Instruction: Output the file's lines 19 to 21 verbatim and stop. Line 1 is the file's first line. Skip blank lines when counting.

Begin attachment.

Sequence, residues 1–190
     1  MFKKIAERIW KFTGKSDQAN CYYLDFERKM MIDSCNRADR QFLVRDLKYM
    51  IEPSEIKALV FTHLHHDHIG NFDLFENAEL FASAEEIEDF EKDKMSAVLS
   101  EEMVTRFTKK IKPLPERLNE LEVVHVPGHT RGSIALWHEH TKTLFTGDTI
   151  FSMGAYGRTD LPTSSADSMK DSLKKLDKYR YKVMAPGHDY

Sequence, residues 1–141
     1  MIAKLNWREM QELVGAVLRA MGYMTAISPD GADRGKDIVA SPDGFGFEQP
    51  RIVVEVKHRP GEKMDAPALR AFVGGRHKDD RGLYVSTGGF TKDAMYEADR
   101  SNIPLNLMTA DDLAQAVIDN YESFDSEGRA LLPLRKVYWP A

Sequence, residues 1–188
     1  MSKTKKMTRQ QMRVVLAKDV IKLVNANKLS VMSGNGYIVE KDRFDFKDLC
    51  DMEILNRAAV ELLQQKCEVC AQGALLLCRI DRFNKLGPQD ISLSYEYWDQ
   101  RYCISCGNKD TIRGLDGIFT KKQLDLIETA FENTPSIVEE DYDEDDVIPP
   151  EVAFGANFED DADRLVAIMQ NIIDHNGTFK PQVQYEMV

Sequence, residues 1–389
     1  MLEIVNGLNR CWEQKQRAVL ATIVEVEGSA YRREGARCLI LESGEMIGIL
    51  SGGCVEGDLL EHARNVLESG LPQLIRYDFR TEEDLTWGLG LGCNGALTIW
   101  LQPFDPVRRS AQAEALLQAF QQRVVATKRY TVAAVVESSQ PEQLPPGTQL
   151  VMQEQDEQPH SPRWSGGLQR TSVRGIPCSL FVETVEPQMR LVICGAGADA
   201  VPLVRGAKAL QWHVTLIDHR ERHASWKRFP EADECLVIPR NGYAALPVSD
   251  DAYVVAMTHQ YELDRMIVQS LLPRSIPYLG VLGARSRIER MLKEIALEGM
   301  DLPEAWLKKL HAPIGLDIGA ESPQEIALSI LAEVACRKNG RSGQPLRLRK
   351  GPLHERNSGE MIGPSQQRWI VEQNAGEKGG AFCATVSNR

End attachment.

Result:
   151  VMQEQDEQPH SPRWSGGLQR TSVRGIPCSL FVETVEPQMR LVICGAGADA
   201  VPLVRGAKAL QWHVTLIDHR ERHASWKRFP EADECLVIPR NGYAALPVSD
   251  DAYVVAMTHQ YELDRMIVQS LLPRSIPYLG VLGARSRIER MLKEIALEGM